Glastonbury Festival of Contemporary Performing Arts has been going for over 40 years now, and with a line-up that – this year – boasted The Rolling Stones amongst its headliners, it very much came back from its 2012 hiatus with a bang.
Friday opened with Haim on the Pyramid Stage, bringing their LA, Fleetwood Mac-inspired tunes to a packed out crowd that included none other than Florence Welch shouting her support. Their set was packed with live favourites such as ‘Honey & I’ and the power house of ‘Let Me Go’. Their drum-filled ending crescendoed around the entire site, leaving no person doubting that their impending debut album is going to be a late-summer hit.
Glastonbury is as much about the small obscure stages as it is about the legendary Pyramid Stage. At the Pussy Parloure Nouveu, fierce female rapper Brooke Candy spat her rhymes at break neck speed. While a woman screaming over a backing track might not be everyone’s cup of tea, the raging atmosphere in the sweaty crowd imitated one that a headline act would kill for.
Saturday belonged to one band and one band only – The ‘Stones. Mick Jagger, Keith Richards, Ronnie Wood and Charlie Watts took to the Pyramid for their first ever performance at the legendary festival, and did not disappoint. Opening with ‘Jumpin’ Jack Flash’, The ‘Stones intentions were clear from the beginning; play the hits and play them good. A career-spanning set wowed the 90, 000+ crowd, which has been recorded as one of the biggest sets of the festival’s existence. Mick was on top form, shimmying and shaking his 67-year-old hips beside Keith Richard’s epic guitar solos. The night went down in festival history, and only further cemented the Stones as Britain’s greatest rock ‘n’ roll band.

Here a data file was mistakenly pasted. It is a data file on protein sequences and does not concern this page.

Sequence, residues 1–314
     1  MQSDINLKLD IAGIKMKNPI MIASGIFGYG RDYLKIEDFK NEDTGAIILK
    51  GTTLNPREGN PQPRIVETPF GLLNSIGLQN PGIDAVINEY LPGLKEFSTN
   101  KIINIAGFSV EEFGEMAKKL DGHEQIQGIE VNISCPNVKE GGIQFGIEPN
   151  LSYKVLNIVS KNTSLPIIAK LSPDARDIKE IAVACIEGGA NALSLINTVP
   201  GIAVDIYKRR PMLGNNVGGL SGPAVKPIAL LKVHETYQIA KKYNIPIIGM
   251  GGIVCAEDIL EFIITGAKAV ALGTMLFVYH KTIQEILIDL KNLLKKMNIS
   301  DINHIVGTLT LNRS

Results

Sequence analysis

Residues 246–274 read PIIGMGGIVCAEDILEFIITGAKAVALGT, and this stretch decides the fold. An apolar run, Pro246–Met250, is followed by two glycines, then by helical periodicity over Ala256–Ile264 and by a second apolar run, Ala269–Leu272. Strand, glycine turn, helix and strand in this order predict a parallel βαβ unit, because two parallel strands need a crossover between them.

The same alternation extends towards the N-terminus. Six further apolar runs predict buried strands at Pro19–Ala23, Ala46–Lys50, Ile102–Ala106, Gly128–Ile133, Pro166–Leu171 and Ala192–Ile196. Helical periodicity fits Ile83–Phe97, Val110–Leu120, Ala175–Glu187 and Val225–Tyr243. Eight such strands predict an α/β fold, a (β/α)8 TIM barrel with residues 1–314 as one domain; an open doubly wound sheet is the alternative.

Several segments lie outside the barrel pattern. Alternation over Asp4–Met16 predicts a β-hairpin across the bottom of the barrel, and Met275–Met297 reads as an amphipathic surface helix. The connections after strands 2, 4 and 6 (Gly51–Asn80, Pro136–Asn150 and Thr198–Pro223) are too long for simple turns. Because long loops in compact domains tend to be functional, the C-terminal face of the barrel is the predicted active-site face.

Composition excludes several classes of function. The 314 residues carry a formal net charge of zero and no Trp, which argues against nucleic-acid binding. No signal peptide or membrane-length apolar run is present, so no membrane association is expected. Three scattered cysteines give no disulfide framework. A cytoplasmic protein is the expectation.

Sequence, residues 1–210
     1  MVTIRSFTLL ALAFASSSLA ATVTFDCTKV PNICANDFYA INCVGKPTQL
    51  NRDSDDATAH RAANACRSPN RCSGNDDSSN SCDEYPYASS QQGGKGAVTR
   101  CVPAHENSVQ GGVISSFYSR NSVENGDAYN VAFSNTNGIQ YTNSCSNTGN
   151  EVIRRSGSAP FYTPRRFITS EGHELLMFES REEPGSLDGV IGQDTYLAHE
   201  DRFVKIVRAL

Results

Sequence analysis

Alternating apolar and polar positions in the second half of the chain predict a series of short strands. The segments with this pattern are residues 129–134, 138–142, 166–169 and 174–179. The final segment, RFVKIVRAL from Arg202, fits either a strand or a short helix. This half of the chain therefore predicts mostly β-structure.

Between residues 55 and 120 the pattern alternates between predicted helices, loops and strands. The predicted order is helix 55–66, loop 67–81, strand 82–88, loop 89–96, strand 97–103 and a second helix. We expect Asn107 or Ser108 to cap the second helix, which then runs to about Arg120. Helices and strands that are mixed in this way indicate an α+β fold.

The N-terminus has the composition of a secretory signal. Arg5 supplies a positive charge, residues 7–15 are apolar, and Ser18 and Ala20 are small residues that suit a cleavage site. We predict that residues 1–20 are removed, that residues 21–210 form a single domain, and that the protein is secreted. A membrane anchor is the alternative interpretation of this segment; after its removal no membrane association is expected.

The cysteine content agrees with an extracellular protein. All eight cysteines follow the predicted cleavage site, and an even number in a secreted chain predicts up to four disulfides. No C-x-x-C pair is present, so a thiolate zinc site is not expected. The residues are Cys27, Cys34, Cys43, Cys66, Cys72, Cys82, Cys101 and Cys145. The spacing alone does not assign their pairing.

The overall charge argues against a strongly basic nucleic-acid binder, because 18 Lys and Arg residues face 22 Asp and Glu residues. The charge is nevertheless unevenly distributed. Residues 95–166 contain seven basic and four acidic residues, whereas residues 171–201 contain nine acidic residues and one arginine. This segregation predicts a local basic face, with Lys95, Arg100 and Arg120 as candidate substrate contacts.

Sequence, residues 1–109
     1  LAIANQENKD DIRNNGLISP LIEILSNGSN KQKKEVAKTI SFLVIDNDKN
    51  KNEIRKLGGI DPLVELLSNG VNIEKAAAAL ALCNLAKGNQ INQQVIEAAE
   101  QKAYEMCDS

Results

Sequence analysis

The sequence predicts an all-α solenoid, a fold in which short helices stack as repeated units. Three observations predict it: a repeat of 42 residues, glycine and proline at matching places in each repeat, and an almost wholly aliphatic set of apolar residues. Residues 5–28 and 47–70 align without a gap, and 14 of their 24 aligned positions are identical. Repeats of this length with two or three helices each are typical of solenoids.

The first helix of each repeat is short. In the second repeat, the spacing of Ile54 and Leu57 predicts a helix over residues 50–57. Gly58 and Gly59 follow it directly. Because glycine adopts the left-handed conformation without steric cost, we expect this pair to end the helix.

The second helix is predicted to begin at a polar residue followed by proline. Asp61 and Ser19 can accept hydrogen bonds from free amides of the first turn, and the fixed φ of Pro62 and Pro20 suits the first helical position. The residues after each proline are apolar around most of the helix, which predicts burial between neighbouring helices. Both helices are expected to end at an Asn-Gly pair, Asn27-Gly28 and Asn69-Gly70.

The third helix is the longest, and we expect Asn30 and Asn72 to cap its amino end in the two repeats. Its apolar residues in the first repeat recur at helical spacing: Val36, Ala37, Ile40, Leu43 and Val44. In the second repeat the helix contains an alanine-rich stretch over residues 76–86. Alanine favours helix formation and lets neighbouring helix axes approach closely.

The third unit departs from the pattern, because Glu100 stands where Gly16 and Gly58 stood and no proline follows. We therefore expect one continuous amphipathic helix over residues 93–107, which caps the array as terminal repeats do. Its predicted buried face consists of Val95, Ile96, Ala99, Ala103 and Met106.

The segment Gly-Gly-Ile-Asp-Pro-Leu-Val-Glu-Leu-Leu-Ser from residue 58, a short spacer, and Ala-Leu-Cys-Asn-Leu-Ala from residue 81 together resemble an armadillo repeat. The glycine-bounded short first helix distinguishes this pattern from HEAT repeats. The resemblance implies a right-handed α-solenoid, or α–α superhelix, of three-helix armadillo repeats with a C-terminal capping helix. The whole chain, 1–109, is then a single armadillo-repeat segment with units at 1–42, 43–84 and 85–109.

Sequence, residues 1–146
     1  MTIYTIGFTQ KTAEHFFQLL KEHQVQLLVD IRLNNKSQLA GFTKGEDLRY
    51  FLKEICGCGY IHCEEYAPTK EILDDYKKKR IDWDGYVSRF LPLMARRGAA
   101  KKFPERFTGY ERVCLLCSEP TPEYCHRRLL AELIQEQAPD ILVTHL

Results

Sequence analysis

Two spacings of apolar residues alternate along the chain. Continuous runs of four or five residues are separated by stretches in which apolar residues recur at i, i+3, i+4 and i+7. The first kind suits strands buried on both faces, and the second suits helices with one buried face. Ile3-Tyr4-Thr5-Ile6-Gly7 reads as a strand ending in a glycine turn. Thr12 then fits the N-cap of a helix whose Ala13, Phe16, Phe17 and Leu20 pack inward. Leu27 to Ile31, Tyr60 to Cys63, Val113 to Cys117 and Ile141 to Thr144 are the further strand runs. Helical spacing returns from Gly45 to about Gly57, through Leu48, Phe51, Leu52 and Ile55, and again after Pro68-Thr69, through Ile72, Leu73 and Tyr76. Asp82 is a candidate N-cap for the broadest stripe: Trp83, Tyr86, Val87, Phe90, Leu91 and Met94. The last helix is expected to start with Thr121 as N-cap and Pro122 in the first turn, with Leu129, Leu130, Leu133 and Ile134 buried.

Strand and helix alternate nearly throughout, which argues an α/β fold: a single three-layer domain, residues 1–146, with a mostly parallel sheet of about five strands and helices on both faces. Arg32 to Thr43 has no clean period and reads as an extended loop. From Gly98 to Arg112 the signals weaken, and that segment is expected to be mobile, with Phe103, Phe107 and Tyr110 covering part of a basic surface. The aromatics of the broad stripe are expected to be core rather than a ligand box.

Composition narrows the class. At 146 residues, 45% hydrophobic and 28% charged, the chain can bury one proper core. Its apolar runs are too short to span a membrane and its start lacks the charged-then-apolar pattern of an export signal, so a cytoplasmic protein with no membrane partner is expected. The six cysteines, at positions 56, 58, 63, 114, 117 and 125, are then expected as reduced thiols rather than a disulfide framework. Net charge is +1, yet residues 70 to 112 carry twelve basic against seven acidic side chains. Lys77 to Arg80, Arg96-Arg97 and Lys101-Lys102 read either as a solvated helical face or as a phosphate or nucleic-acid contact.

Sunday was a considerably more mellow affair, offering a more relaxed line-up to ease people out of Glastonbury mode. Kate Nash may have been dropped from her label but bounced back ten times harder with her album Girl Talk, a feminist call to arms for the masses. Played live, its tracks sounded incredibly passionate and liberating, whilst Nash’s talent as a topical lyricist shone strongly. Meanwhile The Smashing Pumpkins got a little too technical in the playing of their instruments, and unfortunately many crowd members left the Other Stage Arena as a result.
London trio The XX have undergone a massive transformation since the release of second album Coexist. Whereas before singer Romy would shy away from the limelight, the band’s Sunday Other Stage performance saw her ooze confidence, weaving around the stage with bassist Oliver and singing louder and prouder than ever before. Jamie XX’s growing production prowess has had a positive influence on the band, and whilst playing live they gave fans a mix of both new and old, including everything they expected to hear with a few new dancier twists and turns.
They say Glastonbury is the greatest festival on earth, and with a line-up as good as this year’s it only lived up to that reputation once more.
Photos courtesy of the author, Rachael Scarsbrook – used with permission.